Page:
My favorite scene in The Hunger Games: Mockingjay Part 1 is somewhat ancillary to the main plot, which follows a moody, traumatized heroine vacillating between love interests as the repressive society around her descends into civil war. The scene I have in mind is a rare twinkle of levity. Julianne Moore’s icy-but-kind (we hope) dictator Alma Coin has just given a speech, and her adviser Plutarch Heavensbee, played with sly, bemused understatement by Philip Seymour Hoffman, joins her on the balcony afterward to offer an unasked-for critique. Effie Trinket, Elizabeth Banks’ newly poignant diva-flibbertigibbet, stands off to the side. As Plutarch instructs the rebel president—who has been capably leading District 13 in secret for years—about “salesmanship,” Effie and Alma share a look. Listen to this guy sounding off, the look says. Plutarch is oblivious. “Of course, you don’t want to suck all the air out of the room,” Alma finally replies, in a mild voice. Titters (male and female) rippled through my showing. Mansplaining jokes have reached Hollywood blockbusters.
It’s not surprising to see the Hunger Games franchise hit this milestone. Grim as it is, the vision of the future offered by the books and movies has one inspiring feature: Women are pretty much running the show. A partial list of vital characters who happen to be women: Katniss Everdeen (Jennifer Lawrence), the all-important Mockingjay, around whom not only the rebel movement but the entire series rotates; Alma Coin, the underground president; Commander Paylor (Patina Miller), the leader of the guerrilla forces guarding the hospital in District 8; Cressida (Natalie Dormer, whose incredible hair-tattoo style deserves its own mention), the leader and director of Katniss’ film crew; Katniss’ mother (Paula Malcomson), who is the head of her nuclear family; and her sister, Prim (Willow Shields), the heroine’s emotional rock. In the corrupt and degraded Capitol, President Snow (Donald Sutherland) is male, but his lead counselor Egeria (Sarita Choudhury) is a woman and his bloodline survives in daughters, not sons. (One of them braids her hair like Katniss.) Not only are most of the characters who occupy explicit positions of power female, the issues that preoccupy Panem’s inhabitants have a subtle second-sex slant.
I’m not just talking about the love triangle in which Lawrence’s gruff action heroine dithers between two passive, moony suitors. Panem is organized around image management and presentation. Before the revolution can get under way, Katniss must film a series of “propo” videos to convert others to the insurrectionist cause. She needs a costume, lines to say, flattering lighting and production, a catchy four-note motif. When she bridles against these actorly demands, her pure, unforced responses are themselves fed into the media machine. Critics have glancingly noted an analogy between Katniss and Lawrence here, as if the host of pressures hemming in our fantasy protagonist are cousin to those that a lot of women (especially famous ones) face. Katniss’ problem—which, in a feminist turn, becomes her uniqueness and her asset—is a lack of finesse. (The same has been said for J. Law.)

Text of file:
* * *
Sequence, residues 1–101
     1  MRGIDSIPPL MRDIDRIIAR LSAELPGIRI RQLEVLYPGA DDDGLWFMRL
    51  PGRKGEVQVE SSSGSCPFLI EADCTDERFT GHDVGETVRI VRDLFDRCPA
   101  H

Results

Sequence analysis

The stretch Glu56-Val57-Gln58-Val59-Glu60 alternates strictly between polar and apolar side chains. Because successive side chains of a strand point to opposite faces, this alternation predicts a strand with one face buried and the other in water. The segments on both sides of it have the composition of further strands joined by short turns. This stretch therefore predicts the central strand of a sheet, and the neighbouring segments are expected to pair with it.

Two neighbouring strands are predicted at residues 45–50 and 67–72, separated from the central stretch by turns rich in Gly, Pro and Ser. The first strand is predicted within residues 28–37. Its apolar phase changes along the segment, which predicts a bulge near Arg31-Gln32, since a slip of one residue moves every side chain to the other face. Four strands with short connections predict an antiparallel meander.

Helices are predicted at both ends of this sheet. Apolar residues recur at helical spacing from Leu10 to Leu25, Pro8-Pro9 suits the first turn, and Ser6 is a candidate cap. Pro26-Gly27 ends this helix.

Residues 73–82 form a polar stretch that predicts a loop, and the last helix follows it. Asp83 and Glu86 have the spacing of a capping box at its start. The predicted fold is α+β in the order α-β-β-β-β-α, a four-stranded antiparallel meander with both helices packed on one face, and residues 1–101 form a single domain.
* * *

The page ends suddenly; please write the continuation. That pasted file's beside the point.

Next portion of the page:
What allows the themes of revolution, individuality, and authenticity to converge so resonantly in The Hunger Games is something (obvious) that women have been saying for a while: The obsession with appearance objectifies people—literally, it turns humans into symbolic objects. And this threat envelops everyone in the gaudy Capitol and overworked districts, though we see it most clearly with Katniss and Peeta. In Mockingjay, both characters are converted into figureheads for larger causes, stripped of autonomy, used as bargaining chips. They become the faces of their respective political sides, with personal lives that matter to no one but them. Katniss’ fight for freedom will inevitably force her to reject the “salesmanship” that Plutarch tries to impose on Alma in that early scene—and I’m not sure viewers would be wrong to read that as a veiled feminist triumph.
Interestingly, the villains of Mockingjay employ traditionally “feminine” means to accomplish their ends. Governments rise and fall by the delicate wiliness of their messaging, and by their advisers, who are conniving and canny. Anyone who studied Romeo and Juliet in high school can expound on the gendered significance of poison as President Snow’s murder weapon of choice: Unlike a showy, penetrating blade (or an arrow), toxins are stealthy, rarely revealing themselves until it’s too late. Katniss’ appeal, meanwhile, lies in her straightforward, no-frills pragmatism and, of course, her physical prowess. So maybe, in addition to riveting entertainment, The Hunger Games represents a revolt against outdated ideas about how women should be. And it does so without sucking all the air out of the room.